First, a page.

"How many of you have heard the story about the three billy goats?" Waller asked the crowd. Hands shot up. "Ahah, I see. Well, I don't know if you've heard it like this," he said with a mischievous grin.
"Once upon a time there were three billy goats who were to go up to the hillside to make themselves fat, and the name of all three was 'Gruff,'" he said while walking back and forth, pointing to the wide-eyed children. "On the way up was a bridge over a stream they had to cross; and under the bridge lived a great ugly troll, with eyes as big as saucers, and a nose as long as a poker …"
Waller told the story with an animated voice and dramatic gestures.
Afterwards he said, "I think part of it is that you can get lost in a story and bring the audience with you. Stories take you to other places and times. Everybody loves a good story."
Waller often finds that people associate book reading with storytelling. "This is not a book reading. Get outside the box," he said, adding that this personal style of storytelling is an ancient tradition that is slowly dwindling in our
"The purpose of Delta Weavers is to promote oral story telling in our community," said Marian Ferrante, a group founder. "The joy in it is when I present the story, then receive a positive response from an audience of all ages."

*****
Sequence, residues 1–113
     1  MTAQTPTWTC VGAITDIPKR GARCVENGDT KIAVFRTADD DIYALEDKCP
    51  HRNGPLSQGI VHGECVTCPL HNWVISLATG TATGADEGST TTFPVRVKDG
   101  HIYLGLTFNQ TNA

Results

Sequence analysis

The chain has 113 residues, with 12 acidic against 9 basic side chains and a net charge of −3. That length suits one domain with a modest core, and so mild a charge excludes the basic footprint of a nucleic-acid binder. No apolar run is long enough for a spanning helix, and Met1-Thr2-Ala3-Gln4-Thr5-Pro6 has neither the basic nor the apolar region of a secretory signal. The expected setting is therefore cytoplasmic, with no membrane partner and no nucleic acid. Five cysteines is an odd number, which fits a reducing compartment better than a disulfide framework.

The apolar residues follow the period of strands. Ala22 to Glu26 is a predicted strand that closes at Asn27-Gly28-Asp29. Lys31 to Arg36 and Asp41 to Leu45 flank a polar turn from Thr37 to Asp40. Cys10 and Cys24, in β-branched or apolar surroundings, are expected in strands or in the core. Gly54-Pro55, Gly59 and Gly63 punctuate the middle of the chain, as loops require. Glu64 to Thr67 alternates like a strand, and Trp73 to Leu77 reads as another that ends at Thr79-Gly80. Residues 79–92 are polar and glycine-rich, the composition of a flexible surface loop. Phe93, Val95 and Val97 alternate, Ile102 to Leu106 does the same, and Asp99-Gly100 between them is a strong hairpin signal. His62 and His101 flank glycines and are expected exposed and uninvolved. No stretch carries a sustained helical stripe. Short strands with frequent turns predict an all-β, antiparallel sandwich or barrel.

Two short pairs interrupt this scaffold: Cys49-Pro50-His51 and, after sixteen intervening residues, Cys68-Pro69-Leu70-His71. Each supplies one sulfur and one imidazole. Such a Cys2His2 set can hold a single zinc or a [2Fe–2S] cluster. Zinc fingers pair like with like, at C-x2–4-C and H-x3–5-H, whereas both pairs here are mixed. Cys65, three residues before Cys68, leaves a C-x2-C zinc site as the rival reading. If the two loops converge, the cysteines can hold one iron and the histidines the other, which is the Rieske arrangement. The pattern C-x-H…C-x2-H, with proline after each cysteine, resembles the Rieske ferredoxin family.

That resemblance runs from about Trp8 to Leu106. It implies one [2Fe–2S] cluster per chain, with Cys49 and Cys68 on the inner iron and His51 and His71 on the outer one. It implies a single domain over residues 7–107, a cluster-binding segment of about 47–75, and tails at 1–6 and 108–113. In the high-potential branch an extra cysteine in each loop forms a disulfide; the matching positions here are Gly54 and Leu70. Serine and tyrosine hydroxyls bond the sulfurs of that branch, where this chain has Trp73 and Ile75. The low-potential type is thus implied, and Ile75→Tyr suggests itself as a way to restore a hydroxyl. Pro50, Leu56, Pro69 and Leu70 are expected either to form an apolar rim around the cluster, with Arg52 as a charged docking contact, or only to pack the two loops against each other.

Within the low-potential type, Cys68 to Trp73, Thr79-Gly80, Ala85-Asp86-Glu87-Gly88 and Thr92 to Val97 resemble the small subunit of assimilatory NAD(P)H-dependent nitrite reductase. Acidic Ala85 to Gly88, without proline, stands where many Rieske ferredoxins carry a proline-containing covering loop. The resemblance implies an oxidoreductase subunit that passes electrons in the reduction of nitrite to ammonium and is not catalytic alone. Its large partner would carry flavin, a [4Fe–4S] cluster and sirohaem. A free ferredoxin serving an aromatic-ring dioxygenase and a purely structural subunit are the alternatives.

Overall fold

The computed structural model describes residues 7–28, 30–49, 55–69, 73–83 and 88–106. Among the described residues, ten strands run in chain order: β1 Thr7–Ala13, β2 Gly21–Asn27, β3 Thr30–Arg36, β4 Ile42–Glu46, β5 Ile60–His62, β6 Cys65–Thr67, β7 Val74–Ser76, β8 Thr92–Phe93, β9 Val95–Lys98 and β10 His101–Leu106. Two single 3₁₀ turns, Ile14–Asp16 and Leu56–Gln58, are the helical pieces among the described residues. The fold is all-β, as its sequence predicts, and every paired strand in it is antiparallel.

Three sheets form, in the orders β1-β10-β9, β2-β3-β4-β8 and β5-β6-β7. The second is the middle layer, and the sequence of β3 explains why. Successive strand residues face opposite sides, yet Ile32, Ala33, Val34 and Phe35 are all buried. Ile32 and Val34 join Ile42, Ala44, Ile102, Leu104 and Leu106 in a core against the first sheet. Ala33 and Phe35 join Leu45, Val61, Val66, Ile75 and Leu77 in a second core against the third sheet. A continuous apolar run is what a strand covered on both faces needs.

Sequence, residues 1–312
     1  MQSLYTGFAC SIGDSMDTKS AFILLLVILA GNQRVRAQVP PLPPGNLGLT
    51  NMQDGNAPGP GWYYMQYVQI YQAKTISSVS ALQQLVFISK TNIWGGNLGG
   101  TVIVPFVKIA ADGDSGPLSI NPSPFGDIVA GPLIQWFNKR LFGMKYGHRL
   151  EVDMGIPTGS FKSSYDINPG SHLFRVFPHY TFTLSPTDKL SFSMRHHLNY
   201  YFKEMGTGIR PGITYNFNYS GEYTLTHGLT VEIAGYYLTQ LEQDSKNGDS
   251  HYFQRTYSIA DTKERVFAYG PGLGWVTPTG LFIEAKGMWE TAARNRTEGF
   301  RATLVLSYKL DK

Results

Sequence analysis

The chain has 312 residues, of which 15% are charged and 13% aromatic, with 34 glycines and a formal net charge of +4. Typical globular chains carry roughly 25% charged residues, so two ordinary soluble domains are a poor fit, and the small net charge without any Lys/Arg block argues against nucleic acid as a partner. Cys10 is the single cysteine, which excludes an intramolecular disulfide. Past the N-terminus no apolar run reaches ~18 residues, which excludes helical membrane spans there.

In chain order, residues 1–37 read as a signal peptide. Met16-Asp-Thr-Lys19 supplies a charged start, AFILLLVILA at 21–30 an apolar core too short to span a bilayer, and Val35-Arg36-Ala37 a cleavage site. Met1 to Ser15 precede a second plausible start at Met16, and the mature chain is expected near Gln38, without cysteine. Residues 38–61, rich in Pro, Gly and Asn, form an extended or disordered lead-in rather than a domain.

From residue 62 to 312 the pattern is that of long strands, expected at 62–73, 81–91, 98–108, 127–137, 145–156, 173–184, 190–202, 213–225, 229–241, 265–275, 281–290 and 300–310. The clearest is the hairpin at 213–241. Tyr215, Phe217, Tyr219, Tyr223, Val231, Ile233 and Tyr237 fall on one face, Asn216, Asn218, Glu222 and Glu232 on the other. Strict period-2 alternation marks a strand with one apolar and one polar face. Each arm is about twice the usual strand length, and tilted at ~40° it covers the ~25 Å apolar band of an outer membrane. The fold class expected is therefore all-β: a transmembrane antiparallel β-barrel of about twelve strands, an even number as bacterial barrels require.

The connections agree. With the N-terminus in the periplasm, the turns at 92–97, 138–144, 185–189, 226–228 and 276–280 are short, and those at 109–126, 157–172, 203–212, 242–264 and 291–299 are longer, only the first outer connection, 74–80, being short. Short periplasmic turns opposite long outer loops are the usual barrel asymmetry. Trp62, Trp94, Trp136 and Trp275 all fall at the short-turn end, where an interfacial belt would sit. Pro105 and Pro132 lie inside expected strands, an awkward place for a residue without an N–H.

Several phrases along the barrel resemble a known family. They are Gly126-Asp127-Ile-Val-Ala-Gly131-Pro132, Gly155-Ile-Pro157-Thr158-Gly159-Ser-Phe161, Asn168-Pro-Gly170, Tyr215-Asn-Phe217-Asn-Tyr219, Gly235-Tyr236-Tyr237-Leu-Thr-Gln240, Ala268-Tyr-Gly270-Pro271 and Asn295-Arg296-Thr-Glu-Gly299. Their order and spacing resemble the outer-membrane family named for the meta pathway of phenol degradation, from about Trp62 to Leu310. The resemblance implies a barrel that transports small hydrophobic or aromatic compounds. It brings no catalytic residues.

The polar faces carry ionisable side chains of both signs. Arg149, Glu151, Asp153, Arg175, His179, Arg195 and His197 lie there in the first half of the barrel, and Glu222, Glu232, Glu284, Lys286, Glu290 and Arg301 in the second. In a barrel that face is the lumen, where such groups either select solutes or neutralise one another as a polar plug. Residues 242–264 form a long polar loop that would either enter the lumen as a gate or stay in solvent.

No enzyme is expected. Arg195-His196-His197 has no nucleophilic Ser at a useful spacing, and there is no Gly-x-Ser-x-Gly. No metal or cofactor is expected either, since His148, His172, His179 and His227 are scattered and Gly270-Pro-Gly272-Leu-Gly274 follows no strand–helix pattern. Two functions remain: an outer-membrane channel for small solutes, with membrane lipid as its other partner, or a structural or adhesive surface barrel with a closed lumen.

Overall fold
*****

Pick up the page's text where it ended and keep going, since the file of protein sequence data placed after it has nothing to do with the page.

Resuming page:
Ferrante energetically told a few stories, including one in which she used scissors to cut paper as a visual demonstration.
"We share a moment that is special. I am proud of Delta Weavers and how we offer positive family time," she said afterwards.
"I love it. When I taught, reading was such a wonderful thing to do with children," said storyteller Joyce Blakely, adding that the eye contact with an audience is powerful. "It is neat to tell a story with nothing between you and your audience."
Blakely told several stories with a charming, soft voice, much like the tone of voice a grandmother might use.
"This was good," said Dada Mitchell, 10, whose favorite story was "The Tailor," told by Ferrante. "This is really great and especially young children about the age of 3 would just love this."
For more than 20 years, the Delta Wordweavers have provided this annual event at Chichibu Park in early September. For more information about upcoming events, visit www.bayareastorytelling.org, e-mail Marian Ferrante at email@example.com or call